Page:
I have to sit back for a minute, take a deep breath, and concentrate on the gifts I already have—a nice apartment, a vehicle that runs, my friends and family, clean clothes, two sweet cats, a place where I can swim and dance, food in the cupboard, a network of cyber-friends who understand me.  I can see the list going on and on.  If I hold onto these gifts, maybe I can wait out the fear and resignation, not get too mired in them.  This all will turn.  It always does.

Normal

For the last week, I’ve felt normal.

This is a loaded word.  For some of us with mental illness, we use it on ourselves like a baseball bat.  We hold it up as an unreachable and longed for goal.  Other people slap us around with it.  Normal carries the same kind of charge that God carries for other people.  As a writer, I’ve tried to be sensitive to that charge and to find other ways of expressing this particular state, but nothing comes close.  So I guess I just have to keep using it and try to explain myself.

For me, normal is the set point, the fulcrum on the teeter-totter where no motion happens.  In this state, I’m asymptomatic.  Since I’m focusing on food right now, I’m watching how easy it is to change my eating plan.  There’s no compulsive thinking.  Last night I watched TV while I ate supper and ate too much.  There was no frantic rodent in my head scrabbling ’round and ’round to get at the food.  I simply got distracted.  When I realized what I’d done, I stopped.  When I’m in this state, I can stop.  When I calculate my calorie intake for the day, I can look at it and adjust what I’ll have for supper or for an evening snack.  This is part of being normal for me—the absence of compulsion.

This quietness has also settled into my relationship with money.  When I’m at set-point, when I’m normal, I have plenty of money.  I make adjustments to my wants and needs accordingly.  This week I chose to go to the new X-Men movie instead of driving to my meditation group.  Instead of the choice feeling like a punishment, instead of wishing I could do both, I felt no emotion at all about it.  It was simply a choice.  When the compulsion goes to sleep, I can be practical.  I actually put $17 into my piggy bank this week.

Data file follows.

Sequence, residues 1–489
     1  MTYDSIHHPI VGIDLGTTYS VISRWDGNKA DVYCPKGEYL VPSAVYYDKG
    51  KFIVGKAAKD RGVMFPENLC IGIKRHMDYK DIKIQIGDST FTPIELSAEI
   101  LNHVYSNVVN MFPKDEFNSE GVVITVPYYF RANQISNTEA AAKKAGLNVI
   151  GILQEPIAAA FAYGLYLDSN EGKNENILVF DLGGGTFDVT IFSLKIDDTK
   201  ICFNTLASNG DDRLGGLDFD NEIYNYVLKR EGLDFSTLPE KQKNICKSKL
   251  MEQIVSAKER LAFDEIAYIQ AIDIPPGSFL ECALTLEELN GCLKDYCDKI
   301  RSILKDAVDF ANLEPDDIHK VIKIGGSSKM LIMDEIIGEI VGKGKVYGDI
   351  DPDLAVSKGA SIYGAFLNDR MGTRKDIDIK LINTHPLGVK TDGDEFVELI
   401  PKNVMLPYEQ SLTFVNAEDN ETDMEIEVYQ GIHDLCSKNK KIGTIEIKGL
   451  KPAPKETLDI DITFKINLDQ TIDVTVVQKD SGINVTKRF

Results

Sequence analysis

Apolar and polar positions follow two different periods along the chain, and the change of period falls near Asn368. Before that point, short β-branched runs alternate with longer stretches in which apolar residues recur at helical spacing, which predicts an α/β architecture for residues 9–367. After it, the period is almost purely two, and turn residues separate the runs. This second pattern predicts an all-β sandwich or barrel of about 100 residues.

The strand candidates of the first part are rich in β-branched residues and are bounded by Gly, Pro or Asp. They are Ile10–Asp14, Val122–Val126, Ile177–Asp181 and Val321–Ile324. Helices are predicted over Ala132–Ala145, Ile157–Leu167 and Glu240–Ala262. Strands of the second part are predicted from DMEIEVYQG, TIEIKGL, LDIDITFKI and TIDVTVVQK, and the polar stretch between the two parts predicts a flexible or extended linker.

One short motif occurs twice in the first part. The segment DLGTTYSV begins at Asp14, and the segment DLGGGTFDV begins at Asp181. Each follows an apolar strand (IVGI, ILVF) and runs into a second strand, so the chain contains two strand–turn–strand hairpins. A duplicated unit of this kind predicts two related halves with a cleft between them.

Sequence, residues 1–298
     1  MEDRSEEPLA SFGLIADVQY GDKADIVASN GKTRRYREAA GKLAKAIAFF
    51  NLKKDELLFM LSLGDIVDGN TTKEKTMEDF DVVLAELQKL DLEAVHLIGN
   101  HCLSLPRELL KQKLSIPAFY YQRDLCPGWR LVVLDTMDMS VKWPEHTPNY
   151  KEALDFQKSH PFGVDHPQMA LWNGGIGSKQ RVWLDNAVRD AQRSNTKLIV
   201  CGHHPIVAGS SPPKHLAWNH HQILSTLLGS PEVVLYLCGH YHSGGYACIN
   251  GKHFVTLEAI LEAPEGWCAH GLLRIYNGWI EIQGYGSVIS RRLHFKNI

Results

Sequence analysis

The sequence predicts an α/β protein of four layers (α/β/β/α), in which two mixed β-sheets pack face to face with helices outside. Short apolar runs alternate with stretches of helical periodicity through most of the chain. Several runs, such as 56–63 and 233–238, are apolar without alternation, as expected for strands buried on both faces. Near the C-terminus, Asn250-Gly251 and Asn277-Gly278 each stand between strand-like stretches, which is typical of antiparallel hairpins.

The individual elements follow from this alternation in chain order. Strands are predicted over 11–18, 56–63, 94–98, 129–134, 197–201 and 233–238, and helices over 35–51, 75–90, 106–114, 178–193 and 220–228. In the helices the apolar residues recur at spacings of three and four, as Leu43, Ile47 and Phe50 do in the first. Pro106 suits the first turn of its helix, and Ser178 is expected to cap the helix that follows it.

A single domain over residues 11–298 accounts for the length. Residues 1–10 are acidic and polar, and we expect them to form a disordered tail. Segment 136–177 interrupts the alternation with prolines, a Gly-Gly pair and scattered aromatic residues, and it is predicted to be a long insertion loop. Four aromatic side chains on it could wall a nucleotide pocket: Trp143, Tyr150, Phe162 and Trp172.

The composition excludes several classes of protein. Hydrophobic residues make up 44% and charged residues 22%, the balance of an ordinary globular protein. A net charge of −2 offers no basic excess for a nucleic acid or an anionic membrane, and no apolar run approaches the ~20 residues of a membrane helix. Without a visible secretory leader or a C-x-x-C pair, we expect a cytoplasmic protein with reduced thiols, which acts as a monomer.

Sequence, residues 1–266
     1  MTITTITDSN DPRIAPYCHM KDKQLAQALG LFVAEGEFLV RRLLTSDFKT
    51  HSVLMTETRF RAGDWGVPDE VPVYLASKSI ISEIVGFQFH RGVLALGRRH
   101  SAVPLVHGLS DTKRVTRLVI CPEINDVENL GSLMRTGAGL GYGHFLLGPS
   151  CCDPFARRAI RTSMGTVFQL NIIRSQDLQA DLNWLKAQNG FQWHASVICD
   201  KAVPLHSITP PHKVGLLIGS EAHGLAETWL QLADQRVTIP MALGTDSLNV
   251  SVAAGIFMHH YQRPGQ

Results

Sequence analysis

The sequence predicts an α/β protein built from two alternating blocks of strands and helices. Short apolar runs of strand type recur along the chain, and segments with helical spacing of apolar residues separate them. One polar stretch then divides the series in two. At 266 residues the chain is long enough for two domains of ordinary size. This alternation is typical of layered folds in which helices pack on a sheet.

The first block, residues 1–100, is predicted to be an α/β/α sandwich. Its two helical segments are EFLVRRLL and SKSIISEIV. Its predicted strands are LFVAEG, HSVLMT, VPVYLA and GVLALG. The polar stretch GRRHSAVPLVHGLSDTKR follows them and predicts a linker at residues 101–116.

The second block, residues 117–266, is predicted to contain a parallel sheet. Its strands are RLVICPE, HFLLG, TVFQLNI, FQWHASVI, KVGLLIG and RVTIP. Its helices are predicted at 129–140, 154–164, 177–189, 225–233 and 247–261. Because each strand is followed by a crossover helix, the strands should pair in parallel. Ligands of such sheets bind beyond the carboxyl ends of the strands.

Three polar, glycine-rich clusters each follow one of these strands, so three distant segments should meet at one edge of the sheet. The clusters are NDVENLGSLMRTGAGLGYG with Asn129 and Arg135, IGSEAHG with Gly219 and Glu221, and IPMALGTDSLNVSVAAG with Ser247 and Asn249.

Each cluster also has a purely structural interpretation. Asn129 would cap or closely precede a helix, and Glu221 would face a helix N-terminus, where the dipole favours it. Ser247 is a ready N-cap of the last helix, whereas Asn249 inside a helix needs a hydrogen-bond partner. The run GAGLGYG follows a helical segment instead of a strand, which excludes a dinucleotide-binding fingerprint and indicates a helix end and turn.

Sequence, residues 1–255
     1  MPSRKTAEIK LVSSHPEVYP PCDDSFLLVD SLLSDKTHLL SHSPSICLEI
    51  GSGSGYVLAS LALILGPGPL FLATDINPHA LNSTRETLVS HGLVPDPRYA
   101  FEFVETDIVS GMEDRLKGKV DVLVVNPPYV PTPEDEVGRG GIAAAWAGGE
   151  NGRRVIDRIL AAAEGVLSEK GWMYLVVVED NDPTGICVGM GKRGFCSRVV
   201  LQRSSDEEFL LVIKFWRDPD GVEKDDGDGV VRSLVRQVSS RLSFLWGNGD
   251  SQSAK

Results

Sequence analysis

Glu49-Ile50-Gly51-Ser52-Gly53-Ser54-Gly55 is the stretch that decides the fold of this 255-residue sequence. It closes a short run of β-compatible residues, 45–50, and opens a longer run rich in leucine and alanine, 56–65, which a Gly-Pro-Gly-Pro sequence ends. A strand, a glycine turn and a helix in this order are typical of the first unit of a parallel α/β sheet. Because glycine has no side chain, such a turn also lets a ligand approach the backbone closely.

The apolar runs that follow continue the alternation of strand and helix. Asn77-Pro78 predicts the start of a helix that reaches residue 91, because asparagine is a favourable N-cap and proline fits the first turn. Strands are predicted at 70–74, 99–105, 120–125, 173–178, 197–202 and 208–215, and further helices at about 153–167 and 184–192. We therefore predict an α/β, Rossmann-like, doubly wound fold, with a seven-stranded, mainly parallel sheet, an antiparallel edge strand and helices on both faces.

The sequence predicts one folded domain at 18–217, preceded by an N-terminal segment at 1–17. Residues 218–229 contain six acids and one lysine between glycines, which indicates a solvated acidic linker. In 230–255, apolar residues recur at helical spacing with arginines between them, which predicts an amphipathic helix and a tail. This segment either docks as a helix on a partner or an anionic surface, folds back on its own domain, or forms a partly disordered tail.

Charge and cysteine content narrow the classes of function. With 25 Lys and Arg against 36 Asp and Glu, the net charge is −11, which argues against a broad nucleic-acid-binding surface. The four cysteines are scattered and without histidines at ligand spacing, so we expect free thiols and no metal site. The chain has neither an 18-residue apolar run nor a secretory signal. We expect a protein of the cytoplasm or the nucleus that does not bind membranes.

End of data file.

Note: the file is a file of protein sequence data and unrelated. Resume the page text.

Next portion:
I feel normalcy in the way I’m working on projects.  While I was manic, and then depressed, I could only tinker with the periphery of my story-writing.  I obsessed over the genealogy charts, organized my notes, and made lists.  But, yesterday I felt the last trailing, symptomatic shreds drift away.  I wrote part of a new chapter.  And in the collage I’m doing now, I noticed the same quiet sureness.  When I’m in this normal place, I don’t feel constricted or boundless.  There’s no trace of the self-loathing, self-defeating thought forms that depression creates, or the jittery, tumbling flood of ideas produced by mania.  When I’m normal, I can see the path through the project and can move with conviction along the path with a strong, steady stride.

Other people tell me that when I feel normal, I behave and look like the person they knew before the illness took over.  I’m sure that means something different to each of them, but I can imagine what some of those traits look like.  When I feel normal, I’m not hypersensitive to sound or smells, so I can sit at a noisy dinner table and join in instead of escaping to another room.  I can exercise in the pool room with music blaring and sing along.  When I feel normal, the world opens up and is not all about me.  So when my mom tells strangers at a garage sale that I live on disability and have no money, I can chuckle at her method of bargaining instead of taking offense.  And I’m able to see and listen to other people without the veil of symptoms floating between us.